It’s all in the mind
The Talking Cure was a term first documented well over a hundred years ago. It was used to describe a method of treatment applied to a patient by Austrian physician, Josef Breuer.
In the latter decades of the 19th century, Breuer worked with a patient called Bertha Pappenheim. She was suffering from quite a considerable list of symptoms, but their cause was almost unknown.
Breuer put to use a practice he’d subsequently come to call the ‘cathartic method’, talking at length with Bertha about her symptoms. Later, he’d have the opportunity to pass his wisdom on to another great mind, Sigmund Freud.
Freud is often considered one of the founding fathers of modern psychology and psychiatry. He essentially pioneered psychoanalysis, an extremely effective method used to treat psychological conditions through the act of talking.
Today, this ‘talking therapy’ makes up a huge portion of the treatment used to combat conditions such as anxiety and depression. Although, it’s more commonly know these days as cognitive behavioural therapy (CBT).
The modern-day method
I’ve been living with social anxiety and bouts of depression for more than a decade. While I’ve personally found some areas to be manageable, the ability to conquer my anxiety has always eluded me.
Honestly, I get the most uncomfortable symptoms when I’m forced to interact with strangers, or mingle with a crowd. I get incredibly hot, my heart rate skyrockets, and I stumble heavily over my words.
Take a job interview, for example. I can have every single answer prepared and rehearsed beforehand, and the second I enter the room my mind blanks — I can barely string a sentence together.
I become visibly distressed when I’m anxious, with my face becoming red and my eyes welling up. I fidget an incredible amount, which is likely my ADHD cracking through to the surface.
And yet, when I talk on a podcast, I feel confident, eloquent, and knowledgeable. I’m an entirely different person, and I own the microphone.
It’s the way things are now, right? The current circumstances and our increasingly digital landscape means that even traditional talking therapies are carried out online.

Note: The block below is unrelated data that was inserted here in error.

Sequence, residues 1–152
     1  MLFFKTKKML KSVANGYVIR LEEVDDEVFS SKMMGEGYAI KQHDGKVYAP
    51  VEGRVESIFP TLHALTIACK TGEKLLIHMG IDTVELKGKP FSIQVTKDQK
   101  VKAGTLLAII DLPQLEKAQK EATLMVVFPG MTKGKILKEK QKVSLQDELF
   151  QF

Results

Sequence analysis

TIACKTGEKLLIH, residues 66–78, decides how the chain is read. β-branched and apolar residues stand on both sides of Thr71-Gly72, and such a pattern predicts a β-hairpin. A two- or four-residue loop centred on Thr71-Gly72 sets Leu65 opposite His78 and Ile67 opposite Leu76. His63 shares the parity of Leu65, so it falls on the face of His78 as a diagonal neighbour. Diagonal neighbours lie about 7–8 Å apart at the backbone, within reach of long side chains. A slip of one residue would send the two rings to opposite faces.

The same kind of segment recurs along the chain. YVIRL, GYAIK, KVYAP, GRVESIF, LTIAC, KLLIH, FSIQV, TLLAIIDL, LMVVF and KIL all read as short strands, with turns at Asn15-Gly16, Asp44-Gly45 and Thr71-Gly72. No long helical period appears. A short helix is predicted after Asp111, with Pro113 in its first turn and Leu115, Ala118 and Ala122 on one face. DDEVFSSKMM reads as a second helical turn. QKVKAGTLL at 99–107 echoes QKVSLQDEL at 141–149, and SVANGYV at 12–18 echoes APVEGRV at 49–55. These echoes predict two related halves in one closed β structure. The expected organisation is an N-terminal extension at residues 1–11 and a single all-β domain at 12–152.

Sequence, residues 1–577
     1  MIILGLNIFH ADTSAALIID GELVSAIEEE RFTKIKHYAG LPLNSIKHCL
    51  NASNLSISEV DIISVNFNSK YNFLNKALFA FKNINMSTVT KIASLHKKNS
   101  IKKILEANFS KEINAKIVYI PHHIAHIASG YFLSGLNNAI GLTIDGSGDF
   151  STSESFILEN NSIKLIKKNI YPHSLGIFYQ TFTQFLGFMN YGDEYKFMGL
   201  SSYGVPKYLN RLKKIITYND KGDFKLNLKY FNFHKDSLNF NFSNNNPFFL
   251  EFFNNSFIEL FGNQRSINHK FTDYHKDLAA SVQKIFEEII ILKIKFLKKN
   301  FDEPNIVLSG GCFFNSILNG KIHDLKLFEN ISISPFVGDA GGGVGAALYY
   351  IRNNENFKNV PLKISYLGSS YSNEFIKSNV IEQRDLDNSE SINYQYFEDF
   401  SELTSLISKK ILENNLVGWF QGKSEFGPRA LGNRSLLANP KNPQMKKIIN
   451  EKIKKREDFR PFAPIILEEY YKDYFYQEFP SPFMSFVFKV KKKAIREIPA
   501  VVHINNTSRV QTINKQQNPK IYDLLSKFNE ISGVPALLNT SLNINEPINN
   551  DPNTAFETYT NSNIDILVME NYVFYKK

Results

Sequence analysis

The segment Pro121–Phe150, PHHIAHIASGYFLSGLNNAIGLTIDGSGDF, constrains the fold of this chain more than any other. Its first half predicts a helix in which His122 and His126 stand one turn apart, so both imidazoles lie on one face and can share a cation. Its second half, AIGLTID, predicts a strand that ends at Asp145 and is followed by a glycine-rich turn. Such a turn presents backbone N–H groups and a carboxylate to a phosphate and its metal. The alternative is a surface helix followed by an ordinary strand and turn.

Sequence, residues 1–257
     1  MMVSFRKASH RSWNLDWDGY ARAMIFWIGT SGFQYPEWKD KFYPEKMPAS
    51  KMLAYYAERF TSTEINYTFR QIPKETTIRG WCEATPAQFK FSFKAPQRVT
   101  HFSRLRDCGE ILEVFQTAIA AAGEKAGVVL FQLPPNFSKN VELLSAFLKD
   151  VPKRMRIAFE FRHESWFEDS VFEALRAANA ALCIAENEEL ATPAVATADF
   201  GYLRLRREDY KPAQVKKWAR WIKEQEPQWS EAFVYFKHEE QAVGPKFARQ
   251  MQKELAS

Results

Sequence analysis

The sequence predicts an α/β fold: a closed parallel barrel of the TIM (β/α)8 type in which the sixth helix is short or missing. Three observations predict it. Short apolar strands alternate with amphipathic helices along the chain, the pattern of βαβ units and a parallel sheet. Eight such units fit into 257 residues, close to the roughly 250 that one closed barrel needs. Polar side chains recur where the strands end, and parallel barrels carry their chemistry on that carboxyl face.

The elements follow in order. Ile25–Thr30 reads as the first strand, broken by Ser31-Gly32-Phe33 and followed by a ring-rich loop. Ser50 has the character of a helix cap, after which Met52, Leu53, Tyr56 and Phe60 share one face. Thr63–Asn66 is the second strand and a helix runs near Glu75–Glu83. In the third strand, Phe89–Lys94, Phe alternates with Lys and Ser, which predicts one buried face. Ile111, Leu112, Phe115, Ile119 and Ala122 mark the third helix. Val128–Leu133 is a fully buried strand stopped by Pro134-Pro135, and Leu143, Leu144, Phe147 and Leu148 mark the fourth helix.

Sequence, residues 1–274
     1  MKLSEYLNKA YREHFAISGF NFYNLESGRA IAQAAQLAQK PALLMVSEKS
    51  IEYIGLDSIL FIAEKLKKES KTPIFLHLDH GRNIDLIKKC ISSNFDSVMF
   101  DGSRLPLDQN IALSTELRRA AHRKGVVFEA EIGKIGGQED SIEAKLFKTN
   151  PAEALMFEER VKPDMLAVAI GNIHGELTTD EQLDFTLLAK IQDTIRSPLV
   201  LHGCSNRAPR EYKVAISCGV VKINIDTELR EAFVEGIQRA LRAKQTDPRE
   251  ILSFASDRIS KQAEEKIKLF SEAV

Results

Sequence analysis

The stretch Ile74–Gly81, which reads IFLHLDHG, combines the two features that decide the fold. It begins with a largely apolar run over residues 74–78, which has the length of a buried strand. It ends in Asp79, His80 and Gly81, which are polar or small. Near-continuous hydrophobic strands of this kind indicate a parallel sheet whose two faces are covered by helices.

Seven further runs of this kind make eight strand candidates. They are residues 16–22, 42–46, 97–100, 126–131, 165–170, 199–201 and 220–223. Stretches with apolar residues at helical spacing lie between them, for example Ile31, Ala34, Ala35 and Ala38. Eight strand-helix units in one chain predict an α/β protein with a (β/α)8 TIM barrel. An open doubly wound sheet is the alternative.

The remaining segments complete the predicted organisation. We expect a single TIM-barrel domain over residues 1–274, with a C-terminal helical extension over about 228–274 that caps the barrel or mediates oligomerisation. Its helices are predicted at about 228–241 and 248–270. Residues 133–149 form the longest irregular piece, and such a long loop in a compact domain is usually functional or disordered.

This is my version of the modern method — I sit before a microphone and pour out my thoughts and opinions. I can hold a conversation without any issues, I can project myself, and I feel like people want to listen to me.
How I got there
I started my first podcast with my close friend, back in July of 2020. It was a weekly gaming podcast, dedicated to discussing the latest news, reviews, and announcements from the gaming world.
We enjoyed it so much that we starting producing a second podcast at the end of the year. This time, we created The Vault-Cast, a podcast focused entirely around Fallout, a popular video game franchise.
Within days of starting the podcast, I was hooked. I was writing, producing, hosting, editing, and promoting it on every corner of the internet.
It was such an incredible feeling and people were making such kind comments about our content. I’d never felt more confident — people were hearing me speak and they liked it.
I felt compelled to make as much content as I could, with new podcast ideas brewing almost weekly. Although, I’ve remained true to my origins, and Loot Before You Leap and The Vault-Cast remain my only productions as I write this.
The next level
At the moment, my goal is to create a podcast that involves discussions with all kinds of guests. I’d love to be able to invite anyone to talk with me about absolutely anything, with a particular focus on their life stories.
Think of Piers Morgan’s Life Stories; I’ll sit with a stranger once a week and just listen to their story, and probe into their past. It’s so compelling to me, and the concept of it is genuinely exciting.
Is that the ultimate achievement for someone who has been plagued with social anxiety for over a decade? To invite conversation with strangers, and to walk willingly into the unknown without my heart exploding?
I’m going to give it a go.
I’ll report back with my findings in a little while.
Thanks for reading.